We instantly put a credit freeze with the credit bureaus. All we could do after this was start calling the credit card companies and try to see if any applications had been approved. Of the 20 or so applications the thieves submitted all over town, 3 were approved. Two at cell phone stores and a retail store credit card. They charged about $7000 in phones and equipment on those two accounts and another thousand dollars on the retail card. It sounds bad, but could have been a lot worse. It took a couple of days to get in touch with the fraud departments and get all of those applications denied. She was getting credit denial letters in the mail for months after this all happened. It was scary and a lot of work to clean up”
– Lisa R, Arizona
Unfortunately, Lisa’s story about her mother has become all too common. We’ve seen major retailer data breaches happen in the past several years, including Target, Home Depot and most recently T-Mobile. There’s nothing you can personally do to stop a data breach. What we find extremely disturbing about this particular story is that Lisa’s mother only found out about the identity theft when she was lucky enough to get a call from ONE out of the 20 places the identity thieves tried to open lines of credit. How did the other 19 stores fraud detection practices fail so miserably? This is exactly why we stress the importance of subscribing to a credit monitoring plan. Because obviously you can’t rely on the credit card companies or retail stores to detect this kind of fraud, even with it’s so blatantly obvious.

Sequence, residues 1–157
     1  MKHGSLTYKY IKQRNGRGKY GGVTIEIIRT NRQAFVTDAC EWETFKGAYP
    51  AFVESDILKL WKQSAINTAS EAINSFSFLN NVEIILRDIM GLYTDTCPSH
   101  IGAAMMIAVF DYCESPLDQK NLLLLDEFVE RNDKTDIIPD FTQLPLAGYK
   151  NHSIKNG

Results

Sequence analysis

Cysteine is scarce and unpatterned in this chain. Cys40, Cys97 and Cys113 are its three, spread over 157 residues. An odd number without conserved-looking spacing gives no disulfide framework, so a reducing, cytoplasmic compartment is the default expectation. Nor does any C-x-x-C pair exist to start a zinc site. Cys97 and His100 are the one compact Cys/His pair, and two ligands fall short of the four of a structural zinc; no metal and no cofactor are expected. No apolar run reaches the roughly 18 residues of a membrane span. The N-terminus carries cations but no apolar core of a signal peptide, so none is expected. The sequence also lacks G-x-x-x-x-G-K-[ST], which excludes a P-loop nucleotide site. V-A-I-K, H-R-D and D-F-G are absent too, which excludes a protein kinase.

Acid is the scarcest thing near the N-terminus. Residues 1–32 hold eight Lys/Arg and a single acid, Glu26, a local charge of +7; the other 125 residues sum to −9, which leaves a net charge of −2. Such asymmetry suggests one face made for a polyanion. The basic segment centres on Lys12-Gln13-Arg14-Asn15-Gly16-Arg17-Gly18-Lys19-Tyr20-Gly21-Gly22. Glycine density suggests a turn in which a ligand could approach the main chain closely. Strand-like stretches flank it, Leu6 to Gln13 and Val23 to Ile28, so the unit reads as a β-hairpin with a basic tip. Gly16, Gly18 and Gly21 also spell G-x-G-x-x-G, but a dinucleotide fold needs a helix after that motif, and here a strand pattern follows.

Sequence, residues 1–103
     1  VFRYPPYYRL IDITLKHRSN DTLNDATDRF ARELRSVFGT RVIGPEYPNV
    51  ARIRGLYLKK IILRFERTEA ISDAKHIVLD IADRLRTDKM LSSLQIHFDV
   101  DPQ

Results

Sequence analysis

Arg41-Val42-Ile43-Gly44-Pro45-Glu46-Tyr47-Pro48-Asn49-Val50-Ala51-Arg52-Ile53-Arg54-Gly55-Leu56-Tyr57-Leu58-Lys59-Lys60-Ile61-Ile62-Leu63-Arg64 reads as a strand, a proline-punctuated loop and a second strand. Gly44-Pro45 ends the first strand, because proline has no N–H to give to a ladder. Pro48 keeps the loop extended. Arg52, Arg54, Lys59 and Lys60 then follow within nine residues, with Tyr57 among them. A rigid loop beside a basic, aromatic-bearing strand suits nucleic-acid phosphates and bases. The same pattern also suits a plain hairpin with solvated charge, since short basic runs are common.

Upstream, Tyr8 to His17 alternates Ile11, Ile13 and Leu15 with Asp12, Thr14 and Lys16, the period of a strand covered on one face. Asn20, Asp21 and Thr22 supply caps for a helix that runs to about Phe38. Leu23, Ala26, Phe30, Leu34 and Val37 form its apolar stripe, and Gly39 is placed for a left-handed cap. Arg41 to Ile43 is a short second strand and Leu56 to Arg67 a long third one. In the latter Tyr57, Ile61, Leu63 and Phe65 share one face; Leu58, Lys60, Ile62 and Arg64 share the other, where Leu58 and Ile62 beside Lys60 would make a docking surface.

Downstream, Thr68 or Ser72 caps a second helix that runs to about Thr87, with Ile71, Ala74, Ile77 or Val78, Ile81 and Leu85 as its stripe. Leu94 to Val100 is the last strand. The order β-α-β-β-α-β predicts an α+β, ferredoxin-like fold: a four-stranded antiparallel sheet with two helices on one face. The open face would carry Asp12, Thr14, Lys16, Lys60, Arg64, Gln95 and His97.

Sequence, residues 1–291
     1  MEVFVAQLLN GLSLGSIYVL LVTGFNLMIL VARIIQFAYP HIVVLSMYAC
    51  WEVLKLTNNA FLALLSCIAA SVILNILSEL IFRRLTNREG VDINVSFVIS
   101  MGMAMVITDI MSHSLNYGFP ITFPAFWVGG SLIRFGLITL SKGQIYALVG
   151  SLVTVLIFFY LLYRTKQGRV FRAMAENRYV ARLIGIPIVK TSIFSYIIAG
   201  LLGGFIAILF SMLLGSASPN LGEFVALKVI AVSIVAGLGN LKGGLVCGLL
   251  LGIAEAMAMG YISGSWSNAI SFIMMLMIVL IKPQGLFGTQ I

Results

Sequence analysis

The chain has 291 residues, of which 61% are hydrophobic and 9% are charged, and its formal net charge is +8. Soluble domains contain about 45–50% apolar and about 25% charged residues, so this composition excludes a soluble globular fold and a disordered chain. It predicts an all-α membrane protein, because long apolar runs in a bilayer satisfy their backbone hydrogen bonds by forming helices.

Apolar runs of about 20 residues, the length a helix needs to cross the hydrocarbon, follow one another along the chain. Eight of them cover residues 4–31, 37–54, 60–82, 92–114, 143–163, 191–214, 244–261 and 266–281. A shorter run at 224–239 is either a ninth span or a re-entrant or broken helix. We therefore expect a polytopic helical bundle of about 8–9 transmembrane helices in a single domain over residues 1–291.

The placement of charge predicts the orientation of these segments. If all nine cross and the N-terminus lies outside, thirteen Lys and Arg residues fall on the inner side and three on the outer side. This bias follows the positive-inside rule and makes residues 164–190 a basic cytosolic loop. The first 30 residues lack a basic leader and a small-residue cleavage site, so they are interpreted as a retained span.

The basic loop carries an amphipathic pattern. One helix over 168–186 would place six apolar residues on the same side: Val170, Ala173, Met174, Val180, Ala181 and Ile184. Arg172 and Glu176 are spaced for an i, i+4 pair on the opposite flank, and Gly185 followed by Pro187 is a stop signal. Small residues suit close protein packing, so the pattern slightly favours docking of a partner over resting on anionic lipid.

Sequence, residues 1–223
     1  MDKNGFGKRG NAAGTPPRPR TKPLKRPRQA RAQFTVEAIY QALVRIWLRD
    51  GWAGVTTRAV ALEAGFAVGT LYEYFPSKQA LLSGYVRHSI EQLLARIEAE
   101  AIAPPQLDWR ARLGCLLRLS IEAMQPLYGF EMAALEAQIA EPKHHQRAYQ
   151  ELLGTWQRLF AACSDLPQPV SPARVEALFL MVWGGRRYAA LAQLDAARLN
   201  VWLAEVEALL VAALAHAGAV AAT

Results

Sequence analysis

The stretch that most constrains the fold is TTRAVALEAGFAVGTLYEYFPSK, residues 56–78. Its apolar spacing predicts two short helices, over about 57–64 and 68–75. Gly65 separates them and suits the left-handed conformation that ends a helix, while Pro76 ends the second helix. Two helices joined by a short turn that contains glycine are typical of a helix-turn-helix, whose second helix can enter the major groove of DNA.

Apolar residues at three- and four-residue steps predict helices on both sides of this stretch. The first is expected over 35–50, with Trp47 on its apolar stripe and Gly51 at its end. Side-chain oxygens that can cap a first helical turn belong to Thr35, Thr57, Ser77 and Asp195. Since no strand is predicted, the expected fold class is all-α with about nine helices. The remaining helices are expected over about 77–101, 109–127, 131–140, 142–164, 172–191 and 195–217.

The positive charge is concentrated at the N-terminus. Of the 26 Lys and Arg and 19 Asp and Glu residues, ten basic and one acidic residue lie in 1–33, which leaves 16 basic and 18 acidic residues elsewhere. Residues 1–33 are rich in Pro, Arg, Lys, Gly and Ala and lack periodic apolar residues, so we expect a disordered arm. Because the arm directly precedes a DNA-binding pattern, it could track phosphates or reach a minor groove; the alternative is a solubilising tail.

“I feel embarrassed saying this actually, but I was victim of a phishing scam that got my bank account login and password just a few months ago. I don’t consider myself to be a naive person. I’m definitely aware that there are people out there trying to steal our information 24 hours a day. The people that got me must have been really good. It was an email from what appeared to be my bank and it looked 100% legitimate. It had all of the logos, contact information. It said that I had a message in my online banking inbox, which didn’t seem out of the ordinary. So I clicked on the link, filled in my account name and password and got a blank page after that. Thinking that the bank website was having problems, I typed in my info again and still got the blank page. I didn’t think anything of it and decided to go directly to the online banking homepage and log in there. Which worked as usual. And there were no messages showing in my inbox. I had no idea that I had just given someone my account login information, not once…but twice, when I tried logging in via the link in the email.